Is it possible, Mr. Goleman, that there are emotional gender differences, both valid and useful, that are key to the rich tapestry of humanity? Or, is Emotional Intelligence a "monolithic" intelligence in which men are doomed to languish? One wonders.
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5.0 von 5 Sternen A book 2000 years overdue!, 24. Juni 1999
Von 
Charles D. Hayes (Wasilla, AK USA) - Alle meine Rezensionen ansehen
(REAL NAME)   
Daniel Goleman's book "Emotional Intelligence" shows how the undervaluation of emotion has wreaked pathological havoc on America. Divorce, depression, aggression, chronic anger, violence, ruined careers, and poor health are the evidence. When you think about it, in a "postmodern world" where "reason" seems to be in perpetual danger of drifting into chaos, it seems inevitable that the value of emotion would become a meaningful topic. The truth is, of course, that emotions have always been far more significant and consequential than the high-reasoning side of our culture has been willing to acknowledge. It is a great paradox that generations of suppressed emotions would lead to a backlash of overvaluation of the notion that emotions are something one is not responsible for--that when we're overcome by emotion, nothing can be done about it. Emotional outrage often becomes the basis of successful criminal defense strategies. On the other hand, millions of people do not realize that feelings are to life experience as a wet finger is to wind direction, and that emotion is also a veritable societal barometer. The key to emotional intelligence is equilibrium. In a postmodern world, emotional intelligence is equilibrium. Highly recommended.
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4.0 von 5 Sternen I highly recommend this book to parents and educators., 20. November 1999
Von Ein Kunde
Goleman's book successfully educates the reader on the importance of emotional intelligence and provides some insight into how our society has gone wrong in raising our children.
Everyone knows someone who is book smart but doesn't seem to possess common sense. Despite their intelligence they lack the skills needed to have successful relationships and a happy life. Goleman defines these skills in a succinct way so we can finally define what it means to be intelligent. Goleman proposes that we can instill this emotional intelligence in our children and provides the information needed to do so.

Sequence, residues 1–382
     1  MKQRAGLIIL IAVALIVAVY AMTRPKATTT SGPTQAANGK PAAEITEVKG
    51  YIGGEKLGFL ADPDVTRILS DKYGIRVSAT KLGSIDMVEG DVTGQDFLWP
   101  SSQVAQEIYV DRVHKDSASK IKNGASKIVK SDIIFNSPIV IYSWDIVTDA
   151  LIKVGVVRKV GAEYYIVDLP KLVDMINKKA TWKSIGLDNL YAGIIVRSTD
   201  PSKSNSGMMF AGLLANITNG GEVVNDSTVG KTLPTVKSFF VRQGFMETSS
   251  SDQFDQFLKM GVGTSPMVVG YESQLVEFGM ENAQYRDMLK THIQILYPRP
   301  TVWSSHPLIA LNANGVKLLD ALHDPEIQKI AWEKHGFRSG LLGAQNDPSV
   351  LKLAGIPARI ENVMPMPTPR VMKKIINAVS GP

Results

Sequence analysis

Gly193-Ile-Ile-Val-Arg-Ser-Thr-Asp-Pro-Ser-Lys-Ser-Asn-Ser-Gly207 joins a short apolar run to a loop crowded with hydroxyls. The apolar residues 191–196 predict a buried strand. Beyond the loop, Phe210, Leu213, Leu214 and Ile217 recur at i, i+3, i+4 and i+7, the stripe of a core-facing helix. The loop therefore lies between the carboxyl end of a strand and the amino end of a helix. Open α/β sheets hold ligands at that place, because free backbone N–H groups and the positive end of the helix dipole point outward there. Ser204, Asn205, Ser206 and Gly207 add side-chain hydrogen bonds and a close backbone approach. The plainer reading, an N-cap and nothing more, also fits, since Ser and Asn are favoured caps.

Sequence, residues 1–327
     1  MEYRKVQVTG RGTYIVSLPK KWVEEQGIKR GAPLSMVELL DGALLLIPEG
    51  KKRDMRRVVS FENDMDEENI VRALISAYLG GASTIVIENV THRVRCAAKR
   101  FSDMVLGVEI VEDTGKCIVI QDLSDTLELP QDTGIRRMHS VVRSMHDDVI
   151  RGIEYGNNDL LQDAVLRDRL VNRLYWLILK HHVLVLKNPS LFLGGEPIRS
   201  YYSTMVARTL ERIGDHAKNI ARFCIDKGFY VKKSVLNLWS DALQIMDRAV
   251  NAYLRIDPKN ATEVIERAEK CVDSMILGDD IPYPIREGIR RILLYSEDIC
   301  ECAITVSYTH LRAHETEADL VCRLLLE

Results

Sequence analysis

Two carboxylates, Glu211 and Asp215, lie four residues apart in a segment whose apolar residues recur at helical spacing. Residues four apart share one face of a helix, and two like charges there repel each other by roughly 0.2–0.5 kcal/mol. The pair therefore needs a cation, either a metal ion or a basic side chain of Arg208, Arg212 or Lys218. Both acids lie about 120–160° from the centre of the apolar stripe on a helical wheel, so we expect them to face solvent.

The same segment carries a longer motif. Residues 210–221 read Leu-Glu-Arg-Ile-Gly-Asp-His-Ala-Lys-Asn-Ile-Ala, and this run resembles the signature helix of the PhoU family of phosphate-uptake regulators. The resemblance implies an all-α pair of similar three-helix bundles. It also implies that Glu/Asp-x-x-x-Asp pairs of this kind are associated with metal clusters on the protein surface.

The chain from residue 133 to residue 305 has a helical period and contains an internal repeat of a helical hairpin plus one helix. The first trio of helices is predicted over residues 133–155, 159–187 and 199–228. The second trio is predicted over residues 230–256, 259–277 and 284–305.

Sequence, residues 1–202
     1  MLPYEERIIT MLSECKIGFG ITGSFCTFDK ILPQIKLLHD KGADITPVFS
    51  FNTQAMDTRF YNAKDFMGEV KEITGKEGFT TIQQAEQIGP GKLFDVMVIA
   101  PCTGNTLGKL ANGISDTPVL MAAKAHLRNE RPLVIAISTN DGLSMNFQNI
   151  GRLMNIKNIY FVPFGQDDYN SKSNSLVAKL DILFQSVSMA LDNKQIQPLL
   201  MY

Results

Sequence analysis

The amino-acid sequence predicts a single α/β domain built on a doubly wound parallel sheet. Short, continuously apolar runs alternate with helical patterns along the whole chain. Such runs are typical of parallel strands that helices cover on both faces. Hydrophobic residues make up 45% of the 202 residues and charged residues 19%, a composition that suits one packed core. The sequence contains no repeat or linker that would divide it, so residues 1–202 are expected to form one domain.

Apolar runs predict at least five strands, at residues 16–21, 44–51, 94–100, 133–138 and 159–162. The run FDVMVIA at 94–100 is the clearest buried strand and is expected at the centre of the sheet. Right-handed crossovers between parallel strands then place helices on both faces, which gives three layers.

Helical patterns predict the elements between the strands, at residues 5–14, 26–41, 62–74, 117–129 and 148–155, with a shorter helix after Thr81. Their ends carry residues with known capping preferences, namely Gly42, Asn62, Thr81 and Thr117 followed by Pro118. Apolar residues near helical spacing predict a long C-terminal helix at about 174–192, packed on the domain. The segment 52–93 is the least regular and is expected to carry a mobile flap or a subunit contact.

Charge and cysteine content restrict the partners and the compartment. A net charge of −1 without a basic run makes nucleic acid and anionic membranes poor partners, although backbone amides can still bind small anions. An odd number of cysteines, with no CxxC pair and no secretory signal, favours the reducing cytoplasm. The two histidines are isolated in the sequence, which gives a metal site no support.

The violence that has erupted in our schools is top of mind in both educators and parents. This book is highly insightful for those searching for the answers. It explains why youth are more depressed, violent and aggressive than ever. Goleman spends a chapter explaining how emotional literacy can be integrated into our schools. He proposes that these programs will get to the root of our nation's problem and provide the long-term results that we so desperately need. I highly recommend this book to parents and educators and anyone else who thinks we as a society can do a better job raising our children.
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1.0 von 5 Sternen Goleman's research analysis fails miserably, 28. Mai 1998
Von Ein Kunde
Daniel Goleman tries to force a large body of research on IQ and emotions to fit neatly into the theory that IQ and EQ are necessarily opposites. The evidence presented is luckily cited at the end of the book so that we can clearly see that his conclusions are wrong. It is too bad that a pretty good idea such as emotional intelligence has to be brought down a peg because Goleman combed through the available research to support his theory instead of working on a useful study of his own. The EQ idea has merit on its own and need not be considered as separate, let alone the oppostite of, IQ. The extreme cases that are cited in the book only serve to make us more skeptical of the EQ concept. Example from the book: Goleman states that "Temperment is not Destiny" and then cites as evidence tramatic childhood experiences and the fact that infants can outgrow timidity. Not the sort of evidence I would accept in order to have my child's school implement a program to "reschool my child's emotions".
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5.0 von 5 Sternen A book that could change our lives, our children, our world!, 13. Juni 1996
Von Ein Kunde
Rezension bezieht sich auf: Emotional Intelligence (Gebundene Ausgabe)
Goleman provides information essential for anyone with children, who teaches children, who knows children, and for those who wish to understand themselves better.
The information presented in this book clearly illustrates that intelligience goes far beyond what society has always presented in the terms of "IQ" and shows that a
realistic matter of determining what intelligience truly is depends on the ability to understand, acknowledge, and use social and emotional skills. As an educator
and psychotherapist, I feel this book is outstanding and can be used on all levels, from beginners to advanced practioners, as a guide in understanding our emotional
and social states and to provide our children with the skills required to succeed in life and perhaps change the world. What we have always considered as "intelligience"
still remains to be important, but we must know that there is much more to it and Goleman gives us a book to provide us with a starting point. It is a must read!!!!!